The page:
fishing by sandara on deviantART

fishing, by sandara on deviantART

Available as a print, and also as a laptop, iPad, or iPhone skin.


Tiny, Ancient Crustacean Preserved in Fool’s Gold, Legs, Eggs and All | The Artful Amoeba, Scientific American Blog Network

Nature's tiniest facehugger(?).


Spanish dancer in Red Sea (by newsonbijou).

Eloquence in motion: the Spanish Dancer, (Hexabranchus sanguineus), is an amazing creature - a large nudibranch, or sea slug, notable for its flamboyant coloration and hypnotic method of locomotion. While, like most nudibranchs, H. sanguineus spends the majority of its time crawling along the seabed, it is also a strong swimmer, capable of moving from place to place in a series of showy rippling, swirling motions, reminiscent of the movement of a Flamenco dancer’s skirt.



Kunstformen der Natur (German for Art Forms of Nature) is a book of lithographic and autotype prints by German biologist Ernst Haeckel. Originally published in sets of ten between 1899 and 1904 and collectively in two volumes in 1904, it consists of 100 prints of various organisms, many of which were first described by Haeckel himself. Over the course of his career, over 1000 engravings were produced based on Haeckel’s sketches and watercolors; many of the best of these were chosen for Kunstformen der Natur, translated from sketch to print by lithographer Adolf Giltsch.

(via scientificillustration)

  • Question: I'd forgotten about the giant isopod mixtape! Also, didn't I draw one on a birthday card for you once? - well-lit-room
  • Answer:

    Wow, I have not been on tumblr in forever; sorry! Yes, you did! I still have that, actually, alongside The Science of Hypnotism.


So, after years and years of never seeing a single mushroom in my yard, (apart from the odd Panaeolus foenisecii), I find myself suddenly overrun with some very peculiar specimens. I’m weak on fungi, and identification sites have been no help, thus far, so I’m hoping that someone out there might recognize them. For reference, I live in New York’s mid-Hudson Valley region.

These grow in an aligned cluster, sort of like fingers on a hand. They’re about an inch to two inches tall, and the cap of each is a half-inch wide, or less.

This picture might be a bit too “arty” to be of any use; sorry. Stemmed, obviously, with lavish gills and an overall frilly appearance, between two and three inches tall.

The world’s least appetizing bowl of spaghetti. Grows on or close to the ground near a tree stump, and is currently about three inches in diameter.

Any clues you can provide as to what these might be would be appreciated!


One of my, and the internet’s, favorite animals.

[Photo credit: Wikipedia]

B. giganteus, or the giant isopod, is a deep-sea benthic, carnivorous, scavenging crustacean that can grow to a length of 79cm, (30in). As you can see from the photo, it sort of resembles a massive wood louse/pill bug - unsurprising, as wood lice are also isopods, and are considered something of a “cousin” to the sea-dwelling varieties. In fact, like terrestrial isopods, the giant isopod can curl up into a ball when disturbed or threatened.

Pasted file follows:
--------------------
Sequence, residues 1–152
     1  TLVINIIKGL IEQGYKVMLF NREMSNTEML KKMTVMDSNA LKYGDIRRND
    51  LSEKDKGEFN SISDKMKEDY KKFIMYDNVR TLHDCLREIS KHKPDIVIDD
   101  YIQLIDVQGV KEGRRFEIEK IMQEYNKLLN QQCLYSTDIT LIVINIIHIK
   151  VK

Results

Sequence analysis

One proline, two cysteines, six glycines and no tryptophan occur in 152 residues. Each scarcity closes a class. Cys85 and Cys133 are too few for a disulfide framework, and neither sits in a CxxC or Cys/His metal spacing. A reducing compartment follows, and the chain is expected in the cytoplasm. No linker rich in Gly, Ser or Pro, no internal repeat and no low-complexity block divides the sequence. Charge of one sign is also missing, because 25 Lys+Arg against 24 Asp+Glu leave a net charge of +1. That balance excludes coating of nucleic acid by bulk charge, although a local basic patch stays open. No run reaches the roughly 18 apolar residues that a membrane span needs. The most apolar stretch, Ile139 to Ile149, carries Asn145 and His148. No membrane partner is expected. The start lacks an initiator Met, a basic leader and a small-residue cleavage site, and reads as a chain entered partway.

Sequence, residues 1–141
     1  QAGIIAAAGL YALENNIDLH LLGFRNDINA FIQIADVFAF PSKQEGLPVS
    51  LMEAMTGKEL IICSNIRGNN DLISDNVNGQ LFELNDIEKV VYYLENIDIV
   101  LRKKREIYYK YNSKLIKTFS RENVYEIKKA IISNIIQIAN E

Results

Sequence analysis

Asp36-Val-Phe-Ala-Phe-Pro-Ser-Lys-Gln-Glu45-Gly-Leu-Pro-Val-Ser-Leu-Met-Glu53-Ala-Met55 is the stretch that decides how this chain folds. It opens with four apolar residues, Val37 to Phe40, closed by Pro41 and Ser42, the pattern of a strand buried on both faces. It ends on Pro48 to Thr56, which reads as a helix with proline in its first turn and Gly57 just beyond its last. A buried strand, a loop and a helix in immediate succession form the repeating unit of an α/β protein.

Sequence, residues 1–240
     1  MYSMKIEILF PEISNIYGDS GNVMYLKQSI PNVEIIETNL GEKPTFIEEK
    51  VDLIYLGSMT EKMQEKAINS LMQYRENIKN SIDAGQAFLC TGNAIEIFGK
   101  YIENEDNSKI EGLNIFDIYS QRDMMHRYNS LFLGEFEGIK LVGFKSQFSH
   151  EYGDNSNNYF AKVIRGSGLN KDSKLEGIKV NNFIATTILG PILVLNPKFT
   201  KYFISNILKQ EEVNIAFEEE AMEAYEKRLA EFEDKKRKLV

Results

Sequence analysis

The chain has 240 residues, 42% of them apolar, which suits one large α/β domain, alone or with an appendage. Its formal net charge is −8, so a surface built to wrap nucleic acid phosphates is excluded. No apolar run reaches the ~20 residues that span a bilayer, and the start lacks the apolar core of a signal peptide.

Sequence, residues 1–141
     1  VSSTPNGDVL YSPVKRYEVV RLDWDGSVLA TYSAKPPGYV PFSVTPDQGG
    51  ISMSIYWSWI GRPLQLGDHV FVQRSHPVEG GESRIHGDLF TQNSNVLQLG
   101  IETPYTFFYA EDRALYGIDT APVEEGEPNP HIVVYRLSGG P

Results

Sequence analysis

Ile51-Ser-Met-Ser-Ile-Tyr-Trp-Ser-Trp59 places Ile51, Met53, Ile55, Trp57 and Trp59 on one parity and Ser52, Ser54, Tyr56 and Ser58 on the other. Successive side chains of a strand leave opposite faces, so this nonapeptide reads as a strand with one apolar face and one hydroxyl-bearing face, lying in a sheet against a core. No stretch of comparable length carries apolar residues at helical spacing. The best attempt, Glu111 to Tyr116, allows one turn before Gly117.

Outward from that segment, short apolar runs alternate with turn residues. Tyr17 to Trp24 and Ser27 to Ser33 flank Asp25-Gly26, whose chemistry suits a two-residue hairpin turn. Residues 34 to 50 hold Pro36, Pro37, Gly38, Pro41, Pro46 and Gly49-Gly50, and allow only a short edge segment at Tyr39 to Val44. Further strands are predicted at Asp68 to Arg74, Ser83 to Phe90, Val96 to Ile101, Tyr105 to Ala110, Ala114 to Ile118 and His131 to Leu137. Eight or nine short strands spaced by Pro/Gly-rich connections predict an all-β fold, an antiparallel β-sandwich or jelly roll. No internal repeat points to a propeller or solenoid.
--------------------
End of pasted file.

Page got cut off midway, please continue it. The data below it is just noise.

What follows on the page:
[Photo credit:]

B. giganteus is found worldwide, typically from the sublittoral zone, (170m/550ft), to the lightless bathypelagic zone, (2,140m/7,020ft). Its impressive size - most isopod species, marine or otherwise, rarely grow larger than 5cm - is an example of a phenomenon known as abyssal or deep-sea gigantism, the tendency of deep-sea dwellers to grow to much larger sizes than their shallower-dwelling relatives, the reasons for which are still not fully understood.

[Photo credit: Wikipedia]

Giant isopods are described as being pale lilac in color - a surprisingly delicate hue for something that a lot of people consider to be high octane nightmare fuel. Maybe the innocuous color just makes it more unsettling? I don’t know. Personally, every time I see one of these, I am struck by an overwhelming urge to pet it. If you feel the same way, the internet offers countless ways to show your isopod love, (though my favorite one is no longer in production).

And I’d be remiss if I didn’t include this:

Oh, it’s real.


[Image credit: U.S. Army Corps of Engineers; source]

South American armored catfish appear to be South Florida’s newest non-native headache. Given that various species of the family Loricariidae are popular algae-cleaners, (sold as “plecos”), in the aquarium trade, this is hardly surprising. In absence of environmental restrictions, this type of catfish has no fixed growth limits - many a hobbyist has started out with a specimen of about an inch or so in length, only to wind up with a two-foot monster, just a few years later. Releasing an animal one can’t handle - and, arguably, one shouldn’t have in the first place - into the wild is no solution, however, as it results in exactly this problem. Although they lack the vicious reputation of America’s favorite invasive fish species, the Northern Snakehead, (C. argus), Florida’s Locricariidae - which are estimated to number in the millions and have no natural predators in Florida lakes - are causing coastal erosion and destroying native plant life, which means diminished food reserves for native fish species. Additionally, according to a 2010 paper published by the Sea to Shore Alliance, (click here for a .pdf), a specific species of Locricariidae - P. disjunctivus, or the Vermiculated Suckermouth Sailfin Catfish - has been attaching itself to manatees and causing disruptions in their normal behavioral patterns. That fish of the Locricariidae family are also extremely difficult to catch - their sucker-like mouth parts make them impossible to hook on a traditional fishing line - further complicates the problem, as removal of the non-native fish from Florida’s lakes at a rate faster than they can reproduce is highly unlikely.